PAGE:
Philly Traffic Judges Admit Role in Ticket-Fixing

A second judge has acknowledged fixing traffic tickets in Philadelphia for people with connections to the system.

Kenneth Miller pleaded guilty in federal court Tuesday afternoon to mail fraud. Earlier in the day, H. Warren Hogeland (HOAG'-land) pleaded guilty to mail fraud and conspiracy.

Miller and Hogeland were among nine traffic court judges charged last month with dismissing or reducing citations for friends, family, associates and political allies.

The other seven cases are pending. Among them is former Traffic Court Judge Willie Singletary, who had been kicked out of office for showing cellphone photos of his genitals to a female clerk.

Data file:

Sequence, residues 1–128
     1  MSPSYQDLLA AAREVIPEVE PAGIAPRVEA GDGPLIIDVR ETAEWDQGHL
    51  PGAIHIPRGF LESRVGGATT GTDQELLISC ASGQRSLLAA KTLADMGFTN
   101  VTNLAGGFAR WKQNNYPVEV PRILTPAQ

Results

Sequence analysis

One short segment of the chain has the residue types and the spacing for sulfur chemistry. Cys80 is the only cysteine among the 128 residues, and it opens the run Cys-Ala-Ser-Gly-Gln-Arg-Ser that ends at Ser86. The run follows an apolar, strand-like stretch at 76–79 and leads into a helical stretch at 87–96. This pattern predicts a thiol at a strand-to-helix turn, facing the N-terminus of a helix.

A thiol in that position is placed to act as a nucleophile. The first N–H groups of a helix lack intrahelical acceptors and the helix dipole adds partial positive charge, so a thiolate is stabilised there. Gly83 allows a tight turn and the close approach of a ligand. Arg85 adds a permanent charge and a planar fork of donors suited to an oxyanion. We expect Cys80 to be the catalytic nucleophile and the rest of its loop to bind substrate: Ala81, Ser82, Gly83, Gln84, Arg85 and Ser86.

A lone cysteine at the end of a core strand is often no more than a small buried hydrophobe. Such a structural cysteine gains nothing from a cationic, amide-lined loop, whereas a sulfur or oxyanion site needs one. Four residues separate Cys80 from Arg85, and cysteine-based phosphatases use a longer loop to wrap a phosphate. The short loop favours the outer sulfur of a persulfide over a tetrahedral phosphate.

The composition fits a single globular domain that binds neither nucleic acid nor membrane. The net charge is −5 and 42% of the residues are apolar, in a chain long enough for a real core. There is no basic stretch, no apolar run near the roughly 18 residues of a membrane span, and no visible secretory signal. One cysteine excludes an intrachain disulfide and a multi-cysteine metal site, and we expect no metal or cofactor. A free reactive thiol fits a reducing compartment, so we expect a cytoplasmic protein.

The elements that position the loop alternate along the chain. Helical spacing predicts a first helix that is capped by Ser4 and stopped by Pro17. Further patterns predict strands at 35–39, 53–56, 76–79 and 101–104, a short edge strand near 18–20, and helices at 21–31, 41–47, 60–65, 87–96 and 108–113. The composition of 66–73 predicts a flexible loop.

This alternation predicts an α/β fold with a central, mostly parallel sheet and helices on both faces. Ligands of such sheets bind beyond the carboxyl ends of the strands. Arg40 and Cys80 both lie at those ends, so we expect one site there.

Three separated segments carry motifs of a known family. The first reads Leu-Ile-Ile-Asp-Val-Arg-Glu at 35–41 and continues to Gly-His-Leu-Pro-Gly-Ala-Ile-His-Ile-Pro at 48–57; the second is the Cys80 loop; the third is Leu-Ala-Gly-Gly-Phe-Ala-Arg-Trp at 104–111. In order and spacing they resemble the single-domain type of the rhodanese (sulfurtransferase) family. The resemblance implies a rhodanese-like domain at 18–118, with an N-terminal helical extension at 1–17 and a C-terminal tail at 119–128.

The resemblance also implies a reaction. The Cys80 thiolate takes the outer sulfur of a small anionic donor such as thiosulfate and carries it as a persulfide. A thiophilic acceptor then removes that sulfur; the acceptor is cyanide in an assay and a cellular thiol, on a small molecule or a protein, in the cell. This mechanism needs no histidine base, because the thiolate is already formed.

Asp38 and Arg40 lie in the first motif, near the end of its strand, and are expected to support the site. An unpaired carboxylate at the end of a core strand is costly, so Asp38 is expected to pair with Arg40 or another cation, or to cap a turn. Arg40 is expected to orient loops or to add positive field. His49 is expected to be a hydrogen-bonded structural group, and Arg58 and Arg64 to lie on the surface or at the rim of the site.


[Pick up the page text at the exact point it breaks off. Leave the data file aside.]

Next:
Defense attorneys have suggested that judges made no money from the favors, and that the court has worked that way for a century.

Prosecutors say such behavior kept unsafe drivers on the road and deprived the city and state of revenue from the violations.

The judges have all been suspended without pay, by the state's Judicial Conduct Board, pending the outcomes of their cases. Traffic court judges, who are not required to be lawyers, make about $91,000 per year.

Copyright AP - Associated Press
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